Where's the line?
Yes, because a chicken's life was so jolly throughout the rest of history, and we've ruined that.
To equate factory farms with animal torture is oversimplistic ignorance at work.
Not that a poorly run factory farm can't abuse animals, just like a little family farm can. Or a suburban household. Or a citydweller.
This is how large urban service-oriented hi tech civilizations feed themselves. To advocate returning to little 80 acre farms across this country is no more rational than it is to advocate we go back to making all manufactured goods by hand, books can't be printed but must be handwritten by monks under candlelight, music can no longer be recorded ... only live performances. If you want gasoline for your vehicle, go start digging your oil well and setting up your own little labtop refinery. (No scratch that, can't have cars without modern manufacturing.) You want a house ... start building, no wait, you got to select the trees for the lumber you'll have to cut first. You want some nails ... better go talk to the local blacksmith. You need new clothes ... better start raising your wool sheep. Milk for your kids, or cream for your coffee, or butter .... you guessed it, go find yourself a cow and a wooden bucket. The end of specialization and efficiency of scale ... the return to waste.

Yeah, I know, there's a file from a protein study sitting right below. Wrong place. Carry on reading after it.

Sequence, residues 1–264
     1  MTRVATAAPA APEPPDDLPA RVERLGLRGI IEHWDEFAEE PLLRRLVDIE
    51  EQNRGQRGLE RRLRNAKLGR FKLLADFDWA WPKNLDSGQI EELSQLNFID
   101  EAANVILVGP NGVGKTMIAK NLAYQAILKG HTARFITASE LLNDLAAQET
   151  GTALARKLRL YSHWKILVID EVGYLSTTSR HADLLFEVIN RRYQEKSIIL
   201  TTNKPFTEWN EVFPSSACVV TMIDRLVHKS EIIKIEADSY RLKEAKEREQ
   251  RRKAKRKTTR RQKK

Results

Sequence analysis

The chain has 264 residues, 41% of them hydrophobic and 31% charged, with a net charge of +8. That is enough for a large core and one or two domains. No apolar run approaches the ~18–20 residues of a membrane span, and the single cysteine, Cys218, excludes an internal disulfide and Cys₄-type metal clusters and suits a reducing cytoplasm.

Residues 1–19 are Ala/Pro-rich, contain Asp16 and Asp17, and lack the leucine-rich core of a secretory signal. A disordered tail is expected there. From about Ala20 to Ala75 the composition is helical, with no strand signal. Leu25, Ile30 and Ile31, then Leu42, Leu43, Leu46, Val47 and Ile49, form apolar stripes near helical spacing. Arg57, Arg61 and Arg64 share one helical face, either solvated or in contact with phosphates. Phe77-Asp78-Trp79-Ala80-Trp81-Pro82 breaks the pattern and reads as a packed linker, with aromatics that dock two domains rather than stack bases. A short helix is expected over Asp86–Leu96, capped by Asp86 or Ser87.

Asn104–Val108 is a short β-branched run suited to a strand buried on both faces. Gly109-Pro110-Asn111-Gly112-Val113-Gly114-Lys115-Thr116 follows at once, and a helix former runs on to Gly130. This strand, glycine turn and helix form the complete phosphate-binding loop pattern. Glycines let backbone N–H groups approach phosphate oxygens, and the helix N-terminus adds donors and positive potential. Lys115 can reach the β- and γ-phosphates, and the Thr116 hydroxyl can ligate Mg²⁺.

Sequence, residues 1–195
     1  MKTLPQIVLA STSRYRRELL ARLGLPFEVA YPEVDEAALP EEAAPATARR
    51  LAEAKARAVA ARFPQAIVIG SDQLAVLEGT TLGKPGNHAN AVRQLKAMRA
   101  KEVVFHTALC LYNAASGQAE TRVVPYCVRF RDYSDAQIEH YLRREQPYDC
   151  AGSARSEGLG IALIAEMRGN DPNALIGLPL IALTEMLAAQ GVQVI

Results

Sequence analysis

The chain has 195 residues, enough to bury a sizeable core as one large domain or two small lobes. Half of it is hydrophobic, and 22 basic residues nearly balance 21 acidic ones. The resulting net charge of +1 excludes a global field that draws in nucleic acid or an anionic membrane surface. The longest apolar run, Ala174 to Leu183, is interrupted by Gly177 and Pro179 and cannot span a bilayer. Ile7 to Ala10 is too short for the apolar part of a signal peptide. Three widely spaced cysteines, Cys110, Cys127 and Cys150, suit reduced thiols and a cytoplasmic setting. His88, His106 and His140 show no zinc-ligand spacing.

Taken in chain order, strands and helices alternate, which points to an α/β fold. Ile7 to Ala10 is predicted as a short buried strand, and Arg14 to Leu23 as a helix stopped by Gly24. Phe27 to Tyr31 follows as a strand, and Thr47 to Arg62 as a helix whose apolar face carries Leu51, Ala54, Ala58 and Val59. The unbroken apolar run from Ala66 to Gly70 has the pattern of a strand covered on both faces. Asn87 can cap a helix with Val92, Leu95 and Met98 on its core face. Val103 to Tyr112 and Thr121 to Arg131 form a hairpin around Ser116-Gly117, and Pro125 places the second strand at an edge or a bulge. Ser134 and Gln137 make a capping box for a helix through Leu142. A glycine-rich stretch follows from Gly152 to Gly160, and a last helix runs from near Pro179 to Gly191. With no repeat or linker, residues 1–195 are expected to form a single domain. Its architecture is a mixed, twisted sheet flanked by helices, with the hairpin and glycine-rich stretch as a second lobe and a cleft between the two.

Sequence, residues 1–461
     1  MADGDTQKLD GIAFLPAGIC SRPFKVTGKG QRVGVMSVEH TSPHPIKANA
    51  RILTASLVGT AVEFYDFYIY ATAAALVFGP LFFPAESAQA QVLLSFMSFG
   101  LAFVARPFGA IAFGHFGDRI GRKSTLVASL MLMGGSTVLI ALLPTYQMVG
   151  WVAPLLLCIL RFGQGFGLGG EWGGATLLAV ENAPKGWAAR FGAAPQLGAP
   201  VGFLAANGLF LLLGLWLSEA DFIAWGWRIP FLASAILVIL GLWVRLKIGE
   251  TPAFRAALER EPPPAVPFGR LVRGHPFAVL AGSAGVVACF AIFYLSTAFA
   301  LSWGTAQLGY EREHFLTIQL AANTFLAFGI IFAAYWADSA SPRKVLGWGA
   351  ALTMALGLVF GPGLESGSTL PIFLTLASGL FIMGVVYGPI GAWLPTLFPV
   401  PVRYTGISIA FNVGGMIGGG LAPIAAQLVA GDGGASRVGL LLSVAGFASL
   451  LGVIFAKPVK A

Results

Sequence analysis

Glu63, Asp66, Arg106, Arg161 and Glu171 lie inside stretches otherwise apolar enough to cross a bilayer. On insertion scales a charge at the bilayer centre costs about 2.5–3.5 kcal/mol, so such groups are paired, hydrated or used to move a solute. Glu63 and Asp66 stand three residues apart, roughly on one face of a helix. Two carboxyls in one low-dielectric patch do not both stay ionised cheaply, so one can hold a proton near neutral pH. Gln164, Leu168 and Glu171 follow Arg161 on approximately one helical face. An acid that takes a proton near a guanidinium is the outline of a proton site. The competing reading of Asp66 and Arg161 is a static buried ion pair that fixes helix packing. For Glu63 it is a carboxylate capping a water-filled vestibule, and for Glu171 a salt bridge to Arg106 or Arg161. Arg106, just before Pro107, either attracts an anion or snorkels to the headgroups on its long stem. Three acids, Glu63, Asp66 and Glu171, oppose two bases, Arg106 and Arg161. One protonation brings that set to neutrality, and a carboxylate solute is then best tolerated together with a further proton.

The underlying message, of course, is that if we didn't raise food this way, most of the world would starve to death.
Sure, it doesn't look as quaint as the quintessential family farm ... but that doesn't make it abusive.
Those kinds of concepts go hand in hand with the Buy Local organic crowd. (Who all tend to have higher net incomes to pay for that stuff ... which is fine by me. I'm all for stupidity premuims.) ... of course, they don't want dairy cows to have antibiotics to keep them from getting sick. Now that's abusive! The stupidity of our cultural elites.